Yesterday afternoon, Quinnipiac released a new poll on the House GOP’s health-care-reform bill, the American Health Care Act (AHCA). The poll shows that 61 percent of respondents oppose cutting off federal funds to Planned Parenthood. After respondent were told that this funding “was being used only for non-abortion health issues such as breast cancer screening,” opposition to defunding Planned Parenthood increased to 80 percent. The poll has already received coverage from a number of media outlets including Politico, Fortune, Time and CNBC.com.
Unfortunately, both this Quinnipiac poll and a Kaiser Family Foundation poll released last week contain many of the same flaws. Neither poll mentions Planned Parenthood’s numerous legal and ethical troubles — specifically the group’s mishandling of Medicaid funds and its willingness to help minors circumvent parental-involvement laws. Neither poll mentions that money is fungible, meaning that the half a billion federal dollars flowing to Planned Parenthood each year still indirectly subsidize abortion. Finally, and most importantly, both polls misstate what the AHCA and other defunding bills would actually do. Proposed legislation would not merely defund Planned Parenthood; it would also reallocate that funding to over 10,000 federally qualified health centers (FQHCs), which offer comprehensive health services to over 24 million people a year, 14 million of whom are women. (This map illustrates how drastically community clinics outnumber Planned Parenthoods, by a ratio of 20 to one.)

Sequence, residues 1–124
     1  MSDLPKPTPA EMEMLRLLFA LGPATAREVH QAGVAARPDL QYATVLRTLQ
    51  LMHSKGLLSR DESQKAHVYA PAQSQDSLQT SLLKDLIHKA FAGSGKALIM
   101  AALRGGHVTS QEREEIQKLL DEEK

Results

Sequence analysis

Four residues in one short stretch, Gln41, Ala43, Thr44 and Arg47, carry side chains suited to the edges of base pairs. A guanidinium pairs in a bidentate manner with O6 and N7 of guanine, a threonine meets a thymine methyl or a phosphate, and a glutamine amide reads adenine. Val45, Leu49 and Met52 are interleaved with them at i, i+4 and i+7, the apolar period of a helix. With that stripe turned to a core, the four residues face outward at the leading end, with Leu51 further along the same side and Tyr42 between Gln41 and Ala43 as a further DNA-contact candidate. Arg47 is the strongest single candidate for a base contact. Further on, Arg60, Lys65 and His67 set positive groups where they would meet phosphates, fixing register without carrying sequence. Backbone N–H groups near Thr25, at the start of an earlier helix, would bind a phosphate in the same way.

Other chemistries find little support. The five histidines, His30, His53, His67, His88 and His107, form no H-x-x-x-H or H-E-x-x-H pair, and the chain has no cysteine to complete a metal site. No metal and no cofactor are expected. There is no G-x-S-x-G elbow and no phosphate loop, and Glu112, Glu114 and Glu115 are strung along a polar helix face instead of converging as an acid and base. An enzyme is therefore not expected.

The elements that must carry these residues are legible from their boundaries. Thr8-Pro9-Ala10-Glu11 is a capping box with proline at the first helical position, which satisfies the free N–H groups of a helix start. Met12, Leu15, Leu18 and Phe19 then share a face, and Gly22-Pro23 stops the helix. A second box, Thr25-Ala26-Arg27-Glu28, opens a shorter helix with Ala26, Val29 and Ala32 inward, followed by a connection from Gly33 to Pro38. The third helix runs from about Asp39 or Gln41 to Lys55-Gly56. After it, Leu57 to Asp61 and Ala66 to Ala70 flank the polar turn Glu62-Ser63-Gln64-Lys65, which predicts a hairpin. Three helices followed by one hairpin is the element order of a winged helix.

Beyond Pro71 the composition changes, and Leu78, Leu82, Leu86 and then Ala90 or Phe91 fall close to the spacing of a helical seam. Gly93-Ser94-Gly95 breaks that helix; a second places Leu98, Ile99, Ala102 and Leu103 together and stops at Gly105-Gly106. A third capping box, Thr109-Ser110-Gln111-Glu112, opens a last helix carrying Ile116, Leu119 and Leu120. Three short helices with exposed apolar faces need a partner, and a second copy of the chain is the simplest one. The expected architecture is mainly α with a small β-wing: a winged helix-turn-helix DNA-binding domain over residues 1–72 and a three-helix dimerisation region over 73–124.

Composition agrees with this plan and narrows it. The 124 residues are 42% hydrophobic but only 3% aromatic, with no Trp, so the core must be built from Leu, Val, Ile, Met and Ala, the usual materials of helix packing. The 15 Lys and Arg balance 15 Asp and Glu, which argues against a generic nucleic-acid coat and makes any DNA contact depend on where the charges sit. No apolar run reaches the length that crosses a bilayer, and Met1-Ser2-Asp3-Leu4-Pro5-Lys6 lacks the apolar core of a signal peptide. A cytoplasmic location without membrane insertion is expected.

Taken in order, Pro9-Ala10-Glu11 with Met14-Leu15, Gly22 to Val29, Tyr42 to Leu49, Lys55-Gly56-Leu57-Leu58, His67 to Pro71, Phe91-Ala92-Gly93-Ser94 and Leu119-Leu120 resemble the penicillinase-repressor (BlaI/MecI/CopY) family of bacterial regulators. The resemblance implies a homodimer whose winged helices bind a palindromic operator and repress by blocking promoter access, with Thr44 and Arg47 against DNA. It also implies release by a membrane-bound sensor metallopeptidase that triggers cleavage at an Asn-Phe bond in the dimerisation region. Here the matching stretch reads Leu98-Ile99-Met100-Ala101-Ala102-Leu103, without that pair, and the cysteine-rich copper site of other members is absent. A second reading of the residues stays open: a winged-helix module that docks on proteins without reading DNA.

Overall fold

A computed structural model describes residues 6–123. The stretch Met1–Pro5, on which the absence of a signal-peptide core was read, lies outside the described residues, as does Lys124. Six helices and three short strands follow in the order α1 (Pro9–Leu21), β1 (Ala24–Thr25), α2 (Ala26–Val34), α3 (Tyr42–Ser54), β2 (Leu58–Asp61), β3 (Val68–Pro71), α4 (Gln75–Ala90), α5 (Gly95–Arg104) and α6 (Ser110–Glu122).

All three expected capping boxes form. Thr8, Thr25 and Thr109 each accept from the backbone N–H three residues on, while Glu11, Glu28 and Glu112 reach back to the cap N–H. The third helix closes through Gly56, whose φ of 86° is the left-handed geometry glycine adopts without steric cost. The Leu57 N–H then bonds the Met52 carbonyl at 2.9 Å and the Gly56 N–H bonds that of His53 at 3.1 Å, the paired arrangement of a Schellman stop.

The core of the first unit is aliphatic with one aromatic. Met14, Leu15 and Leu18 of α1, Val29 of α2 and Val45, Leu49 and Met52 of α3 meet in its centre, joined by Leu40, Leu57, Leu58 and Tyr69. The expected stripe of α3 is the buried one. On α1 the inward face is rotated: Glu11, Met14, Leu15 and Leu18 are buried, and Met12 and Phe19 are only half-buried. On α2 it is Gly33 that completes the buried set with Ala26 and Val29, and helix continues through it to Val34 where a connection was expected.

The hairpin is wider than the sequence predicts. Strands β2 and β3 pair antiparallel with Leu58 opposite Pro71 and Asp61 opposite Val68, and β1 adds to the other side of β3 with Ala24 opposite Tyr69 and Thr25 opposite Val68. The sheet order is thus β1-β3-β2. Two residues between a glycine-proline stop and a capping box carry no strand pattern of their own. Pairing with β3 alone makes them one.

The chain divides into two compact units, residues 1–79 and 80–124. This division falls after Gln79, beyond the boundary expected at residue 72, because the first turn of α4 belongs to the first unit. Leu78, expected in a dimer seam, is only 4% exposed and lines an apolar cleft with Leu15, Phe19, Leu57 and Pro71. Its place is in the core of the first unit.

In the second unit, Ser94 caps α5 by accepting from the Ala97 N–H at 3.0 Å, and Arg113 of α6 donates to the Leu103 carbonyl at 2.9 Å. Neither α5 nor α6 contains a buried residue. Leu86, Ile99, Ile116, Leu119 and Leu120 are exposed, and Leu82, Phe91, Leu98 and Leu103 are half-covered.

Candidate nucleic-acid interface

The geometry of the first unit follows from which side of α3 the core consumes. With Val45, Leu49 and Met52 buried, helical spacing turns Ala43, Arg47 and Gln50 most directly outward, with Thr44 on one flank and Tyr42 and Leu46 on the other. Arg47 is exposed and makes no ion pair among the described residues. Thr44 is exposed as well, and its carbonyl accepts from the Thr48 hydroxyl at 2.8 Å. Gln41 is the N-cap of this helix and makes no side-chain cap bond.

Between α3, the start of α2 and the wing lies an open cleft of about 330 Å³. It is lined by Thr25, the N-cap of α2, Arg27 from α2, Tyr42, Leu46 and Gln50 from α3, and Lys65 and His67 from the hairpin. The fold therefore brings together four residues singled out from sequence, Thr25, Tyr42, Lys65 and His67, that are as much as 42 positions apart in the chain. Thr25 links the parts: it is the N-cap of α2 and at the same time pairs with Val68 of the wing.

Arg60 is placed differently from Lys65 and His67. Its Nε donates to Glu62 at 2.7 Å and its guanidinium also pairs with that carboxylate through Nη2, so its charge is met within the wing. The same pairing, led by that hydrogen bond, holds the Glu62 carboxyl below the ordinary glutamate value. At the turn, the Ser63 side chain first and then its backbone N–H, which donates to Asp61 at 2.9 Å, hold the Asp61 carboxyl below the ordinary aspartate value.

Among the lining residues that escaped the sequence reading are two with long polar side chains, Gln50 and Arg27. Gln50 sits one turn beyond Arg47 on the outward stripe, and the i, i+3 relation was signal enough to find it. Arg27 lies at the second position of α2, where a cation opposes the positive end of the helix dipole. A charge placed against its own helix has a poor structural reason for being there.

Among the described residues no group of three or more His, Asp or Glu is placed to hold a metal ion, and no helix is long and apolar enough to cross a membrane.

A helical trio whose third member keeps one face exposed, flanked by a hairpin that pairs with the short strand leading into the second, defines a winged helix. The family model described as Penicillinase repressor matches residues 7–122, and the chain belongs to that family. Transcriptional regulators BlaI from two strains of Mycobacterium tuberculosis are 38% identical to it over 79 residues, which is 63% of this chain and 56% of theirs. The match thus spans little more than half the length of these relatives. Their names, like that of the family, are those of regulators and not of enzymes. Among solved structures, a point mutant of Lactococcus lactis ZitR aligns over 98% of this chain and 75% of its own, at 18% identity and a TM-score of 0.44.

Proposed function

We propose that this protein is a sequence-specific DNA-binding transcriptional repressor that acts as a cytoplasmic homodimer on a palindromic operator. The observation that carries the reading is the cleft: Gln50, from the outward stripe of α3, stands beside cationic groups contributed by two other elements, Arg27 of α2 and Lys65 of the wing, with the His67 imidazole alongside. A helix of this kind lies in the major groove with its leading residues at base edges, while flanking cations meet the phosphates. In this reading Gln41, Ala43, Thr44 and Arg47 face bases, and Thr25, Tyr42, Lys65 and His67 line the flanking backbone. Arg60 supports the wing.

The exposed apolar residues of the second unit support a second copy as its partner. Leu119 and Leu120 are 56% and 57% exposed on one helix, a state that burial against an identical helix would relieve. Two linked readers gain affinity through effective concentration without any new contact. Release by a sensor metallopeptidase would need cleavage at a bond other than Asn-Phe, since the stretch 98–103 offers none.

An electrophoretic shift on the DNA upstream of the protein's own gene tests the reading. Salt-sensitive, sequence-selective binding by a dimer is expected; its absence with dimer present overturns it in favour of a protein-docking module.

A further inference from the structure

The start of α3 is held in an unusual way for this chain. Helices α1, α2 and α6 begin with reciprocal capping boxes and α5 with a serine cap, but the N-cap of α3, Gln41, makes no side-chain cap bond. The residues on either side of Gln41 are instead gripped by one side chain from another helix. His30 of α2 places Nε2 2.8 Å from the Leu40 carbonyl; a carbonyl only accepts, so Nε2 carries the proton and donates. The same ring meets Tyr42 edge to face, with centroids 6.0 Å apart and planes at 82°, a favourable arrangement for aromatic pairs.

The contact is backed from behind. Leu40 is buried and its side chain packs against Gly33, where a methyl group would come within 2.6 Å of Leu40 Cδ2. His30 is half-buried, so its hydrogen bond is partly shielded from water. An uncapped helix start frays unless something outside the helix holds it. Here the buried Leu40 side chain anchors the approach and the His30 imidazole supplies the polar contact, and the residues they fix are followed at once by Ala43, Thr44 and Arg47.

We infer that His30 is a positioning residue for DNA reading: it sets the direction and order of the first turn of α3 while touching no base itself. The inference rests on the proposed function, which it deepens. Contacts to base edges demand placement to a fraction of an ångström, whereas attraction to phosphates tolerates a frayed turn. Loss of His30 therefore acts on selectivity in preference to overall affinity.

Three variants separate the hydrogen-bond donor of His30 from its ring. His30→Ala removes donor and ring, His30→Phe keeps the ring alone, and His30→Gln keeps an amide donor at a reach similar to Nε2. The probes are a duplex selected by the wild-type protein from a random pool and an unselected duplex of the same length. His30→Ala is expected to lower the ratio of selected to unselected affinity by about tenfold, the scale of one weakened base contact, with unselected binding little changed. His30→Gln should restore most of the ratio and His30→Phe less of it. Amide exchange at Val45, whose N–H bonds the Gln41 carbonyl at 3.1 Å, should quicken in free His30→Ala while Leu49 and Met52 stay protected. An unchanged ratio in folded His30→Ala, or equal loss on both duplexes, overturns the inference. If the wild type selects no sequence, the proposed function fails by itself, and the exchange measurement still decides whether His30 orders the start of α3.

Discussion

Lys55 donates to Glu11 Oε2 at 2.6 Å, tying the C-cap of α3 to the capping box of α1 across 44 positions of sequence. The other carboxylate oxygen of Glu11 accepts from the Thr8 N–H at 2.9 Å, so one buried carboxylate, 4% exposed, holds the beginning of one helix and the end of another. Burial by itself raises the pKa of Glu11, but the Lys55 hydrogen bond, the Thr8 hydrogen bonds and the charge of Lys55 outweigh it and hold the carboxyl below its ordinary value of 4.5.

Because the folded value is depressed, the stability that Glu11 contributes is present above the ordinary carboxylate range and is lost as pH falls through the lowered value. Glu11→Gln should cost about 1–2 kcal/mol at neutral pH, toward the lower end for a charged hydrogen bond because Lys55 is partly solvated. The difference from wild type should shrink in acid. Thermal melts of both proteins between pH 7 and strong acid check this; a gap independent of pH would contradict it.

Polls can be useful in describing the dimensions of public opinion to policymakers. When dealing with controversial issues, reputable polling firms will often release the results of multiple survey questions to show that responses are sensitive to question wording. However, when it comes to life issues, many polling firms often appear interested only in providing ammunition to abortion-rights groups and their allies in Congress. Gallup frequently asks the “pro-life” vs. “pro-choice” question, because up until recently, Americans were more likely to describe themselves as “pro-choice.” Questions about pro-life policies that enjoy broad support, such as parental-involvement laws, are asked much less often. This latest poll from Quinnipiac provides yet another unfortunate example of a polling firm advancing an ideological agenda instead of usefully contributing to an ongoing policy debate.